Vital records don't tell us is who was a cheapskate, who ran off with the milkman, or who left home and never came back. Every once in a while there are stories that fill in the gaps and gives one pause.
I came across a 5th great grandfather who was a Revolutionary War soldier. He was born in Virginia about 1760, and married in 1780. He had 6 children with his wife.
He left his family prior to 1810, to live with another woman. He seems to have beat his mistress "mercilessly" on more than one occasion. Later court testimony claims she finally warned him if he did it again, she would kill him. Unfortunately, she made the mistake of warning him in front of witnesses. He "drowned" not long afterwards, in 1821.
Or maybe not. Upon examination of the body, the authorities discovered a wound "on the left breast about 3/4 of an inch in a circular form. Whatever it was which the deceased had been wounded with supposed had caused his death, passing between the ribs, none of which were fractured."
The mistress was indicted for his murder. Later she was convicted of second degree murder, and sentenced to 12 years in prison.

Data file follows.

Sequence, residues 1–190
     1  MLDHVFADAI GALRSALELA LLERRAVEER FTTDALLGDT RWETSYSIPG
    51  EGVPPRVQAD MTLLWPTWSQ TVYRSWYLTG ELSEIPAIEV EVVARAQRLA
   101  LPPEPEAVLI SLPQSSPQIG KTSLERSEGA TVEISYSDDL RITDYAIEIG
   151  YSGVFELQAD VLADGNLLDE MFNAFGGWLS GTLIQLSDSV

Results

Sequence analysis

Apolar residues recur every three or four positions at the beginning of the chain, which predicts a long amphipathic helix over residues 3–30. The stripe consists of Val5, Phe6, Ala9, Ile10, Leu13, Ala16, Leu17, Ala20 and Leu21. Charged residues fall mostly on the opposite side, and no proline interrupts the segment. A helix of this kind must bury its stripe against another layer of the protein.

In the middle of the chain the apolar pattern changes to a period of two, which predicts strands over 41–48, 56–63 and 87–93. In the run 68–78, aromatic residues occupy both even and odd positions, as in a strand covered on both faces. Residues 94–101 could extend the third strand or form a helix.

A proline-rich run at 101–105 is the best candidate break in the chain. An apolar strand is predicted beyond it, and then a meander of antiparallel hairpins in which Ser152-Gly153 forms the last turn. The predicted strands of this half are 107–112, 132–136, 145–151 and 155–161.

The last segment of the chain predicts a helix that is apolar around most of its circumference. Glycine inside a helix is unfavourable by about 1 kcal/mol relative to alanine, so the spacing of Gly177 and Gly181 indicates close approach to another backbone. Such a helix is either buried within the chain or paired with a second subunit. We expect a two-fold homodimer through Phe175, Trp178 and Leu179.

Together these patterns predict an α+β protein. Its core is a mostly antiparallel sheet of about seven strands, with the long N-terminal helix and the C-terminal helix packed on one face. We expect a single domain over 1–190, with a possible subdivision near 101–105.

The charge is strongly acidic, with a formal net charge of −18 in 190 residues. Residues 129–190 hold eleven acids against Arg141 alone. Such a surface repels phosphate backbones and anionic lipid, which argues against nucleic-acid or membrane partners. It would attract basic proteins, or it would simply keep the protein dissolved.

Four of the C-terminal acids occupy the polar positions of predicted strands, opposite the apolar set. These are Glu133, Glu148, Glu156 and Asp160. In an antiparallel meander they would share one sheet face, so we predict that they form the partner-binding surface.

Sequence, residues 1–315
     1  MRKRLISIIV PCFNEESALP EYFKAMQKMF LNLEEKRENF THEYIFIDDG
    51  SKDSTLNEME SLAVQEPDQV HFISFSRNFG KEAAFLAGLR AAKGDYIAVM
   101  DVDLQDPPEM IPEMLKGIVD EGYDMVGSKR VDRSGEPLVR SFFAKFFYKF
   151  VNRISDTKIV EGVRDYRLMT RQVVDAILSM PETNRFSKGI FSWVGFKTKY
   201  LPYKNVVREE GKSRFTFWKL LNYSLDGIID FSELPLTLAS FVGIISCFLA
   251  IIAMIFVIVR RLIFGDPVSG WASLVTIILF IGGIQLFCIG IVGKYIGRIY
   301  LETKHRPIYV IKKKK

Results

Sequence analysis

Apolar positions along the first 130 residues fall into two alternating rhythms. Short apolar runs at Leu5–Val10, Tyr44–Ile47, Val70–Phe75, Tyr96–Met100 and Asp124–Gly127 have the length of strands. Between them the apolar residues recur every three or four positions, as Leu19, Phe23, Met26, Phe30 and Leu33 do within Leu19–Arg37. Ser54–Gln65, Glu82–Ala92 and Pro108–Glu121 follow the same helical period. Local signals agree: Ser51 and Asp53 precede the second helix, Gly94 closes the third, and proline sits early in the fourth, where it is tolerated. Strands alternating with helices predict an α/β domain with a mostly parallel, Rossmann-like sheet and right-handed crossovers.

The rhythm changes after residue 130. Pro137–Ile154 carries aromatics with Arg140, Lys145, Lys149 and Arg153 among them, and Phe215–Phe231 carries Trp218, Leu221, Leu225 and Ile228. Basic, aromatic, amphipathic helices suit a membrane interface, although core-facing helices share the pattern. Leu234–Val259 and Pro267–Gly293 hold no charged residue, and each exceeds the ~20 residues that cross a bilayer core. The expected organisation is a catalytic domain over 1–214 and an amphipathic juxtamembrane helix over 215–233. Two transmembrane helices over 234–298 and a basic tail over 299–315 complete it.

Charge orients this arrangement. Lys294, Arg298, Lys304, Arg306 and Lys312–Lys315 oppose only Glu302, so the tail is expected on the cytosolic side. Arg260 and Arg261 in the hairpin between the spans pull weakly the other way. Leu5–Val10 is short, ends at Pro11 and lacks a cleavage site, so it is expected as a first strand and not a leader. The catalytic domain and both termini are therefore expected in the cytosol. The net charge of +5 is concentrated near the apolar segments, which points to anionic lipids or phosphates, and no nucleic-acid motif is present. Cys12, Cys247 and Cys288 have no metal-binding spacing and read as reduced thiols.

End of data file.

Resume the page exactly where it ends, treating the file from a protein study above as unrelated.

His wife lived until 1840, but I found no information about her. I hope she had a good life after the old man left.
I have no further information about his mistress, either. I feel sorry for her. A woman of her time living outside of marriage with a brutal man didn't likely have many options. And, of course, she warned him.
Women's lives are nearly invisible. It is kind of sad when only the bad guys leave a trail.
|This is just an old photo I found online. It is labelled "The Absolom Davis family". I am not related to this family. I love it though. You don't often find casual old photos like this. It says a lot about these people's lives.|